Is Now The Right Time To Buy A Nook?

With the knowledge that a new Kindle is on the horizon there are reasons that it might seem to be worth holding back on your new Nook purchase to see what is coming, but is it worth the wait?  At present there are a lot of great products on the market and as tempting as it is to wait for the next big thing, there comes a point when holding off gets silly.  With that in mind, is it worth the risk, however slight, of picking up what may soon be an inferior product?

The biggest thing to decide right off the bat is what you are looking for in your eReader.  Right now, the Nook Simple Touch and Kindle 3 (no matter which type you choose) offer very similar experiences.  The best E INK screens available, page refresh far faster than you could reliably turn pages in a paper book, light and comfortable to hold, literally months of battery life, and a direct connection into each’s respective amazingly comprehensive eBook store.  Aside from a couple very small particulars, neither one is physically superior to the other.

If you have to choose right now, based on nothing but the hardware, then you’re essentially on even ground with these two.  The Nook Simple Touch is newer, slightly faster, has a touchscreen display, and is a couple inches shorter.  The Kindle has the option of 3G coverage, a physical keyboard, and external contacts that can power a book light should you be inclined to use such an accessory.  None of these factor in much when it comes right down to reading a book under normal circumstances.

There is always the fact that the new Kindle is coming out soon and will certainly have upgrades that make it stand out, but what real point of superiority is going to put it over the top right now?  Short of having a non-backlit color screen to make color eBooks a better choice, there isn’t much room to grow.  The Kindle 3 is perfect for reading on, in that once you get started you can forget how you’re reading and just concentrate on the book.  The new Nook does the same thing just as well.  Chances are, the new Kindle will accomplish it again.  As much as I’m looking forward to picking up the new model, and would recommend avoiding any Kindle purchases until it comes out since it is only a couple months away at this point, it does not factor into a Kindle vs Nook decision.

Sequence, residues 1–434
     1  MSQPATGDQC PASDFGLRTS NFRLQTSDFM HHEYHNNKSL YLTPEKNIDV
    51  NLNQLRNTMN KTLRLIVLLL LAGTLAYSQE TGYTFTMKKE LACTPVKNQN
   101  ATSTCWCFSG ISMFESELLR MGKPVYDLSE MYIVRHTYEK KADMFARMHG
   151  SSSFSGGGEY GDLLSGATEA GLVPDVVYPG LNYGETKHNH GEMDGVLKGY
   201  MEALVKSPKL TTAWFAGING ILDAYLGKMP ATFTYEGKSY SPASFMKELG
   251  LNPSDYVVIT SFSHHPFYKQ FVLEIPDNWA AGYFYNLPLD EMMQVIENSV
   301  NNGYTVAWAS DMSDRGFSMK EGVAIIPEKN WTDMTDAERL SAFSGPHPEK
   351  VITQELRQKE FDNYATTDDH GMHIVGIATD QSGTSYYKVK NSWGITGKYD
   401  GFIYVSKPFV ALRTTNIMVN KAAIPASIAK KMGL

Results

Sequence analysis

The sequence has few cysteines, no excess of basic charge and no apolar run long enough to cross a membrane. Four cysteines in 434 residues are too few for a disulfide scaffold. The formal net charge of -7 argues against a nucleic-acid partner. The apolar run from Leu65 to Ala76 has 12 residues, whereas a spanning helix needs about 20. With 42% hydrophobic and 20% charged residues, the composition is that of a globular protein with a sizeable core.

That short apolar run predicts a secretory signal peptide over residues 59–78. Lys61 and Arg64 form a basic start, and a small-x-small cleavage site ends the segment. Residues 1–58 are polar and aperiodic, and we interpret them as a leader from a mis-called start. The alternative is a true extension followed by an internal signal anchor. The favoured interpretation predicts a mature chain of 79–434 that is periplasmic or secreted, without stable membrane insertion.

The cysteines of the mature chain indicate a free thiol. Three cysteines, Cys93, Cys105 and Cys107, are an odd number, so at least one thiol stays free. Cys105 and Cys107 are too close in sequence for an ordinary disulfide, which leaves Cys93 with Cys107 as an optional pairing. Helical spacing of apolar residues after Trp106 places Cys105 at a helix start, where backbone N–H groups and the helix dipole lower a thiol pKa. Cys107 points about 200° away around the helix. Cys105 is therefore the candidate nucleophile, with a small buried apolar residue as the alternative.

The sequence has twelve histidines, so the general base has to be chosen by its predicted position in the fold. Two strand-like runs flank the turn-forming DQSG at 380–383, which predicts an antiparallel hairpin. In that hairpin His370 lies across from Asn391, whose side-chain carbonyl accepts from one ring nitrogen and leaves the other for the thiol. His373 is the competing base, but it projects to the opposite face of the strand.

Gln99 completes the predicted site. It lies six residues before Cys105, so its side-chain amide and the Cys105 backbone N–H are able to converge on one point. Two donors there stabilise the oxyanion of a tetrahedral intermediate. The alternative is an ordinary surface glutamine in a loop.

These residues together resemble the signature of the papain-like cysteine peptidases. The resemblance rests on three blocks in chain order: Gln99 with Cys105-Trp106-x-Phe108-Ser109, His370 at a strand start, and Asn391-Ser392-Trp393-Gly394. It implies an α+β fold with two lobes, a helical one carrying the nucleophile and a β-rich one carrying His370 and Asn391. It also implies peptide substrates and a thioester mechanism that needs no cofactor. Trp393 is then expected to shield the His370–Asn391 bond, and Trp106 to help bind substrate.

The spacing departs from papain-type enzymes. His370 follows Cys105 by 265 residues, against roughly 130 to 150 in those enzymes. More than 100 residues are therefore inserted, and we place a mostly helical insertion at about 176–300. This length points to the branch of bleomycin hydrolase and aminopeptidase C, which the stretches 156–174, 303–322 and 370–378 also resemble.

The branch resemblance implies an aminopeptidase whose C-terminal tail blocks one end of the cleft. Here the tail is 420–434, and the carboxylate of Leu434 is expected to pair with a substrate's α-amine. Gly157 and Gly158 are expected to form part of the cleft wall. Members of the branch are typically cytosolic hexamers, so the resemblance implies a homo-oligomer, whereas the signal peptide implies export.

The most important thing in deciding is going to be who you want to do business with.  As I pointed out recently, it is definitely possible to jump from one platform to another if you have the patience to deal with file conversion.  Nobody really wants to bother with that, though.  Since pricing and selection are pretty similar no matter where you buy your eBooks right now, there isn’t a compelling reason to go back and forth between them.  It is likely that wherever you amass your first collection of eBooks is where you’re going to stay.  If Barnes & Noble is the eReader provider for you, don’t let speculation about new Kindles scare you off.  There might be some room for the Kindle to advance right now, but to think that it will be enough in the near future to completely knock competition out of the ballpark is a bit far fetched.

3 thoughts on “Is Now The Right Time To Buy A Nook?”

  1. IMHO, the Nook STR is a far better physical design – smaller, easier to hold, and the on-screen keyboard is much less annoying than the K3 physical keyboard.

    As to format conversion, the only thing involved is to download a book from Amazon to the Kindle application on your Mac or PC, then tell Calibre to copy the books to your locally-stored “library” and transfer them to the Nook. This process takes literally seconds.

  2. I have just purchased a Nook, having gotten fed up with Amazon’s stonewalling over its defective pwr code – the outer coating falls off. There are over 800 known events, but Amazon does not acknowledge the problem unless you insist — see discussons under Kindle2 pwr cord. This certainly has harmed Amazon’s credibility in my eyes

  3. EldRick,

    I think the last time I made any sort of large-scale transition was about 2 or 3 years back when I moved from Nook to Kindle. At the time Calibre did a great job, but took a lot of oversight. I think it took me perhaps 8 hours to make it through 180 books.

    If the experience has improved as much as you say, it might be time to give it another try just to stay informed. I usually just convert books as I buy them as a matter of course these days, which naturally goes rather quickly. Thanks for the info.

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